In-Vehicle Security Development Kit With CAN Bus And CAN FD Message Authentication
Microchip Technology introduced their CryptoAutomotive In-Vehicle Network (IVN) TrustAnchor/Border Security Device (TA/BSD) development kit. This kit is designed to enable OEMs and Tier 1 suppliers to introduce security to networked vehicle systems, starting in areas of priority, without disruption elsewhere. The CryptoAutomotive TA/BSD development kit emulates a secure node in an automotive network and provides system designers with a starting point for implementing security. Designed to be flexible, the tool accommodates each OEM’s implementation by allowing manufacturers to configure the node to conform to various specifications and industry standards. The tool demonstrates secure key storage, Electronic Control Unit (ECU) authentication, hardware-based crypto accelerators and other cryptographic elements. When used with a host microcontroller, it enables designers to implement functions such as secure boot and Controller Area Network (CAN) message authentication, including conversion of CAN 2.0 messages to CAN Flexible Data Rate (CAN-FD) with appended Message Authentication Codes (MAC) when appropriate.
With the companion approach, the TA/BSD emulation kit enables OEMs to continue using their existing microcontrollers (MCUs) and existing MCU firmware certified to required safety standards by later adding the companion chip the kit emulates. These companion chips will come to the customer preprogrammed and include built-in security measures to provide true hardware-based key protection. This can entail re-architecture of the MCU firmware to implement secure zones with hardware and software domains.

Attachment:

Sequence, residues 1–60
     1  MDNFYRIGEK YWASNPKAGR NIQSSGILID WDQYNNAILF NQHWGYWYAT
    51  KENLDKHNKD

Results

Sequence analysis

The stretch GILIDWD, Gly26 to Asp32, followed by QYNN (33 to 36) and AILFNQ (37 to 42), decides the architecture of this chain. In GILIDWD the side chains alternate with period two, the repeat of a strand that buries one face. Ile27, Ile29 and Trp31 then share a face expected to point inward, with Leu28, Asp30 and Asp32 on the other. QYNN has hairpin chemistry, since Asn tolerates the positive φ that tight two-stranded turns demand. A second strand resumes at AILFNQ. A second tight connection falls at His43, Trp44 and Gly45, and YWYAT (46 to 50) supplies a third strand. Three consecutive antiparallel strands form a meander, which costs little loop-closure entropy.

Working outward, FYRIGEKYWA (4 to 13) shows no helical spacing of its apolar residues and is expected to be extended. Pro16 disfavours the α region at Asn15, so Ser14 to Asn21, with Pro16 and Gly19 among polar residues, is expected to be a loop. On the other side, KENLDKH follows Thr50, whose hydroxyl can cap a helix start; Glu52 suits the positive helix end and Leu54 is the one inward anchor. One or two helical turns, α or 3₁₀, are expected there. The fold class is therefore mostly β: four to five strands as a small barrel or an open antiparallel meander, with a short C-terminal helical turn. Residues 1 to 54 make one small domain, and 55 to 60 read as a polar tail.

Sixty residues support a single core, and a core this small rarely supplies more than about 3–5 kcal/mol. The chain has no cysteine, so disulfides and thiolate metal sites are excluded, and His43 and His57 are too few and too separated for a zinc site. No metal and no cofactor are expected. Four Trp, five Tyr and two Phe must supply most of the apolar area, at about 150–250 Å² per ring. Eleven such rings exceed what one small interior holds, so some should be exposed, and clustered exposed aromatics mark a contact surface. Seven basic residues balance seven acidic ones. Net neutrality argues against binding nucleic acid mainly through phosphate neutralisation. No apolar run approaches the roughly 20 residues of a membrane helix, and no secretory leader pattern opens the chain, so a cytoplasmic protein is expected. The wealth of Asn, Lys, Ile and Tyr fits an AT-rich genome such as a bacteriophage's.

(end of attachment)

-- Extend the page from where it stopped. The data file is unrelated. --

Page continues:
The tool can be used with any ECU, architecture, configuration or bus, providing the flexibility to implement security in existing systems without large-scale redesigns. The companion chip solution requires minimal MCU code updates. This approach also removes the requirement for in-house security expertise. The tool provides an online Graphical User Interface (GUI) program with pre-configured options to simplify and facilitate implementation.
When the Controller Area Network (CAN) was designed, security was not a requirement. The primary usage of CAN was considered closed; possible intruders or attackers would simply not get physical or remote access to the network.
However, today it is more and more common that devices connected to a CAN system also have connections to other networks, including the Internet.
Recent car hacks have shown that attackers may get access to CAN systems. Without strong security features, an attacker automatically gains full access to everything connected, allowing active control commands to be recorded and replayed.
In this book we examine which options developers of CAN based systems realistically can use to provide adequate security features.
- What can we do - without using heavy-weight security features?
- What can we do - to detect possibly injected messages?
- What can we do - without any hardware change? What can we do - with minimal software change?
The CANcrypt protocol and software is introduced as a scalable security solution for the Controller Area Network.